Every so often it is a good idea to take a critical look at your business’s floor plan. There is always the possibility that you might be missing out on a few extra opportunities to increase your revenue. Many design decisions are informed by efficiency and operations while others focus almost entirely on style and ambience. However, a lot about store layout can be learnt from our neighbours at the grocery store.
The next time you go to the supermarket, take a really good look around. See the flowers at the entrance? Those next to the fresh produce. They are placed there for a reason. Not only do they smell great as you enter the store, but they immediately create an impression of freshness around the fresh produce.
That barista at the entrance to your local Woolies doesn’t just want to sell you a coffee, he also wants you to take your time in the store while you finish that coffee; because the longer you wander about, the more you will spend.
Not the kind of operators to overlook any detail, grocers have also observed that we prefer to look right when we shop, so many stores are designed to propel us in an anticlockwise direction.
Do you get ‘hugs’ at your supermarket? Hugs are u-shaped display units that allow you to step into an enveloped space like two enfolding arms. Apparently we like those too.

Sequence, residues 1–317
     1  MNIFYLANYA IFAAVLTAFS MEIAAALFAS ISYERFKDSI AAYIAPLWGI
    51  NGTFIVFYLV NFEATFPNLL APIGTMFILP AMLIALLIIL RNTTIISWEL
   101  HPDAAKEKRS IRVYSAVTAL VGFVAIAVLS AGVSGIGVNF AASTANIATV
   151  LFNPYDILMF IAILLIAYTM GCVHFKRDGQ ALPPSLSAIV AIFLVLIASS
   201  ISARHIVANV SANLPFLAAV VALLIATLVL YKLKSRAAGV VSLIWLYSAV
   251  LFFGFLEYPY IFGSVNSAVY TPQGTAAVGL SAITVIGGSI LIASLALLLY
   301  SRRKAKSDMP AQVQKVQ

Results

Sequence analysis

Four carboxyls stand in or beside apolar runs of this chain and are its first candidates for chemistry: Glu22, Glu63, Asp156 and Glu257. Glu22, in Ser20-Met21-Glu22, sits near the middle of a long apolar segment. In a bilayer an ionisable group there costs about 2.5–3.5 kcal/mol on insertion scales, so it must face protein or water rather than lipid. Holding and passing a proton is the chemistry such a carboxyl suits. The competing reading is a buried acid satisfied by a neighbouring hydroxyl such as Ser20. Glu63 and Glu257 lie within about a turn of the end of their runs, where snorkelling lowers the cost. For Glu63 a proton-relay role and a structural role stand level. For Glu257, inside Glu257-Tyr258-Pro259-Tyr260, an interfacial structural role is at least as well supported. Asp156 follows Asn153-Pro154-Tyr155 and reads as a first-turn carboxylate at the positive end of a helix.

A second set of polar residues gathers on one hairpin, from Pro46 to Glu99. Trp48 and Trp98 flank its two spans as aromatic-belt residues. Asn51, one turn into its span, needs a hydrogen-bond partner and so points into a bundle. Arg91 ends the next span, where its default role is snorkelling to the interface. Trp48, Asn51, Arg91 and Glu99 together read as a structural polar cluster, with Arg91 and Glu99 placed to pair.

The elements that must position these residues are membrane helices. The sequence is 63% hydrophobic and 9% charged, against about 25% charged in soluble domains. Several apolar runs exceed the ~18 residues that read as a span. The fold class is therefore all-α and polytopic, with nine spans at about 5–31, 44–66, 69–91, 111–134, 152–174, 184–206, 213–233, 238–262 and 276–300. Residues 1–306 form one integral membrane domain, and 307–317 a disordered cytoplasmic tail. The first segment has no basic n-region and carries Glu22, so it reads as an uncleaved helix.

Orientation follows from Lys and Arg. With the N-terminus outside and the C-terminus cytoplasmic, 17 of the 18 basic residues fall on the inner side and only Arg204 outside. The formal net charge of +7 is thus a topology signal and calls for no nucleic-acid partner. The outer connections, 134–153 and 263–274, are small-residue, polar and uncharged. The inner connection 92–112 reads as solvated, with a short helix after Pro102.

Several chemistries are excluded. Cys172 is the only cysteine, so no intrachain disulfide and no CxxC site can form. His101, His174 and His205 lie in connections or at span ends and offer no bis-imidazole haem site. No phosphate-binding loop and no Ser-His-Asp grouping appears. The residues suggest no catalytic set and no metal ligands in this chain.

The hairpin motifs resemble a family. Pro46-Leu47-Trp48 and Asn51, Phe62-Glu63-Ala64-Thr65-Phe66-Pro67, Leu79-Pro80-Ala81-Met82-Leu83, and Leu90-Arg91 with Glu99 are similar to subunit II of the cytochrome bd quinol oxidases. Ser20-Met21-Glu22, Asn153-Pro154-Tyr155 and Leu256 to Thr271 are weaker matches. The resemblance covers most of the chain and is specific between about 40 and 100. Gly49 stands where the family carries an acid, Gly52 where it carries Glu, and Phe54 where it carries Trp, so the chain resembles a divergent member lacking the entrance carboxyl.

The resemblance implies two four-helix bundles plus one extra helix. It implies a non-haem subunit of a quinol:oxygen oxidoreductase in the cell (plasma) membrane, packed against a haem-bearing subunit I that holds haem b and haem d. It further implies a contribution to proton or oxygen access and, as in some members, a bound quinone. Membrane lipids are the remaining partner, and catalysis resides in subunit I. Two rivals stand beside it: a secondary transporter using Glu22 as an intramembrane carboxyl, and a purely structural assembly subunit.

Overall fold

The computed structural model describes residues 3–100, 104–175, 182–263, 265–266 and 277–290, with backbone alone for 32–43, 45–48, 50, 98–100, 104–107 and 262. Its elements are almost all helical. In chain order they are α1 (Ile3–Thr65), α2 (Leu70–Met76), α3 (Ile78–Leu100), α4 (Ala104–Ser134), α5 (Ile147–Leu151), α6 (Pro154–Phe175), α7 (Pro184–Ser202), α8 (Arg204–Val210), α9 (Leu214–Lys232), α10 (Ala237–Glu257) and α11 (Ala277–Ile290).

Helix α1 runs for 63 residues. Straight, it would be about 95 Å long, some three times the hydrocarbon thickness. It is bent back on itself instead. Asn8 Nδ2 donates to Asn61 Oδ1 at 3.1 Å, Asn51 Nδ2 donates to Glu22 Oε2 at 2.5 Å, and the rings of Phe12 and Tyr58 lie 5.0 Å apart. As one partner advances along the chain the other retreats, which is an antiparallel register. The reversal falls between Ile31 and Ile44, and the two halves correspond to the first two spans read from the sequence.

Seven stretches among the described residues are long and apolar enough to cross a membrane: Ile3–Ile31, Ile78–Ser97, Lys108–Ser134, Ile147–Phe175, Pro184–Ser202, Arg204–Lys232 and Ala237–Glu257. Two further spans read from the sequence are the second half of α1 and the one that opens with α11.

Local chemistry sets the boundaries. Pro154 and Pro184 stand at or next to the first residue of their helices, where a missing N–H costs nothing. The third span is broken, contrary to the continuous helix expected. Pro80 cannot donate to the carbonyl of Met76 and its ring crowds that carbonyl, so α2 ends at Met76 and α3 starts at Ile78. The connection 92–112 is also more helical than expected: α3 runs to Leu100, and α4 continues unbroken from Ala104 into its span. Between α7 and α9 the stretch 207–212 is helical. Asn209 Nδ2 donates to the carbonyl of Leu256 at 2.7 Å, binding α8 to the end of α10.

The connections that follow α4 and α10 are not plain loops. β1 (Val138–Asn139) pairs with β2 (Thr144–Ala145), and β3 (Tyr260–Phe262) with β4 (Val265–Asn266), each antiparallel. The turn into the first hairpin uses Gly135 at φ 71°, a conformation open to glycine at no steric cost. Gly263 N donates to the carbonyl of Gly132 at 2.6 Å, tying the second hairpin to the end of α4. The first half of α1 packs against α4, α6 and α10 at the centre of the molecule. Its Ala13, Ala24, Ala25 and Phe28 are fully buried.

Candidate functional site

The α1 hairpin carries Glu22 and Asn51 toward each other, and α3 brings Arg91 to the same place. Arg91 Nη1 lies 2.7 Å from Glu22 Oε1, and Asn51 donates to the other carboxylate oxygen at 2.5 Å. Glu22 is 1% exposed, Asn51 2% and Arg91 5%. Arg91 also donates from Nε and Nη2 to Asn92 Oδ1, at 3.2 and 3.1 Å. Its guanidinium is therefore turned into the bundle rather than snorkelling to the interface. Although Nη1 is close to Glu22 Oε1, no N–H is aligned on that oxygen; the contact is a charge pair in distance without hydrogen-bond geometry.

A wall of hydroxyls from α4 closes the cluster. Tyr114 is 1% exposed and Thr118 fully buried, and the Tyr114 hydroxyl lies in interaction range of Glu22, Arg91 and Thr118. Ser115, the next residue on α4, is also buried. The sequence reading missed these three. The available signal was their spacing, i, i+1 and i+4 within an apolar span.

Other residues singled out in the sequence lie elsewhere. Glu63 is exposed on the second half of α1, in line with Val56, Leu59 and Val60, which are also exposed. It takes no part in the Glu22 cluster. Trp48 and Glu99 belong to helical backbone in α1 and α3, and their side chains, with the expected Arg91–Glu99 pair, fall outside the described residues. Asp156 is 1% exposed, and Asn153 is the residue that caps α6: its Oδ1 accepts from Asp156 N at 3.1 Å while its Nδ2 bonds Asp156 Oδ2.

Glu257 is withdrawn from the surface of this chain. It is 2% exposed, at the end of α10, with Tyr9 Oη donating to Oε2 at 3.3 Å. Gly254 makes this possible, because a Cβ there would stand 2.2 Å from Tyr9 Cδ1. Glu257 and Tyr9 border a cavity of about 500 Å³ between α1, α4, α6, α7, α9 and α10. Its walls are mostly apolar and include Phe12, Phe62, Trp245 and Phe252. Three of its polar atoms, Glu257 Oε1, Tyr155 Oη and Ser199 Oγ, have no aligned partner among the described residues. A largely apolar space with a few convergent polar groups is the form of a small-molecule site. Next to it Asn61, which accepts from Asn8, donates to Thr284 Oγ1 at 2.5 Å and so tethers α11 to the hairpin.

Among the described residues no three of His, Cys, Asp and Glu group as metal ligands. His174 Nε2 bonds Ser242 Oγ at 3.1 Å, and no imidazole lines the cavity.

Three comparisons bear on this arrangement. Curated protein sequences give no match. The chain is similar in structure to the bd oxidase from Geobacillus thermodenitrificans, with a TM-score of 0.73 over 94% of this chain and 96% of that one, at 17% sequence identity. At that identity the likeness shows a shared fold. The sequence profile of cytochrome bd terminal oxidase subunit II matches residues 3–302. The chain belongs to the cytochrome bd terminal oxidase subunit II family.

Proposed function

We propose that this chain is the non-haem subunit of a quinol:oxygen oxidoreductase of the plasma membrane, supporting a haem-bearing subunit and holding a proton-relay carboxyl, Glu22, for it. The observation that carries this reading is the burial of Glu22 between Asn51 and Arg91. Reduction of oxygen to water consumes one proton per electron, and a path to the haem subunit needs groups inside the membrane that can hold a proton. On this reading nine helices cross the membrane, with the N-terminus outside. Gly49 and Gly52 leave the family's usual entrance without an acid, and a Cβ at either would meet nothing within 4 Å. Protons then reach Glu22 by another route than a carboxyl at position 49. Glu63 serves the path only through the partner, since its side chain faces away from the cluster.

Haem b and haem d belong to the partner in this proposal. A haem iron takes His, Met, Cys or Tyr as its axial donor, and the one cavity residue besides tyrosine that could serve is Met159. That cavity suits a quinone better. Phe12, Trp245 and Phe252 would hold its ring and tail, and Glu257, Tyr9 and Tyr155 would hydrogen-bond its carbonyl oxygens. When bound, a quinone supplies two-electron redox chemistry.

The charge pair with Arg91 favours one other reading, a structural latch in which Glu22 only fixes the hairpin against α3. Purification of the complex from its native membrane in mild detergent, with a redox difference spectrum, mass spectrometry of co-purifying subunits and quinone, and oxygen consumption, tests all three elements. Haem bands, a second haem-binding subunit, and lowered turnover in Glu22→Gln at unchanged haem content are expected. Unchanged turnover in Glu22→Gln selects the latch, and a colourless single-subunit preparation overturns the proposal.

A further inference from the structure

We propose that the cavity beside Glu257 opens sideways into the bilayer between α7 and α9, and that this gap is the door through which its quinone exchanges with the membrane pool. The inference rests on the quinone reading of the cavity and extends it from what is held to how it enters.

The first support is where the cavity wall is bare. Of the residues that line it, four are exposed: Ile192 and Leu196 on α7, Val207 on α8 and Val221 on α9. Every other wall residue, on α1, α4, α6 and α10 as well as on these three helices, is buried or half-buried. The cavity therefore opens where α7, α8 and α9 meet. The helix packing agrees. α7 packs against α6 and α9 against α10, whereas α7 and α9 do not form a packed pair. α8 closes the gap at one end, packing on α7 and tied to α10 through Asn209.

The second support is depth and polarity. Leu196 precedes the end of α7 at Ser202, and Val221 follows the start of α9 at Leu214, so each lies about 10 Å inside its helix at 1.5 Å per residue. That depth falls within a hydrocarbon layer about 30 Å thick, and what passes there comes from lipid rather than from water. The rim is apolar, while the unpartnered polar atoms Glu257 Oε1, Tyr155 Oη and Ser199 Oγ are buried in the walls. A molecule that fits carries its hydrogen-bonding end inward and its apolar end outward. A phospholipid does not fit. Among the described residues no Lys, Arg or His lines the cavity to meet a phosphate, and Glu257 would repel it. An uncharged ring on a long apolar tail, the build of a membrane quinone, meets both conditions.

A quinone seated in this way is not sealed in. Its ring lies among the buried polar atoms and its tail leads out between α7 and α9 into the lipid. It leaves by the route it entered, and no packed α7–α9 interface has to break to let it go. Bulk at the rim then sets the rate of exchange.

The point is, we can learn a lot about our customers’ needs by closely observing how they engage with the environment we have created. Congested areas, noisy entrances, errant kitchen smells and loud intrusive music all act on the senses and create varying degrees discomfort. Step back, or even better, step outside and re-enter your store. What do you see?
Starbucks founder (now Presidential candidate) Howard Schultz, describes the environment they try to create as “…a place to think and imagine, a spot where people could gather and talk…, a comforting refuge …, a place that welcomed people and rewarded them for coming, and a layout that could accommodate both fast service and quiet moments.”
What he is describing is a space that adjusts to customers’ needs. Quick service for a quick coffee, as well as, for some, a quiet corner to chill out.
The takeout for us is to tailor our layout around our customers’ needs so that they want to spend more time with us.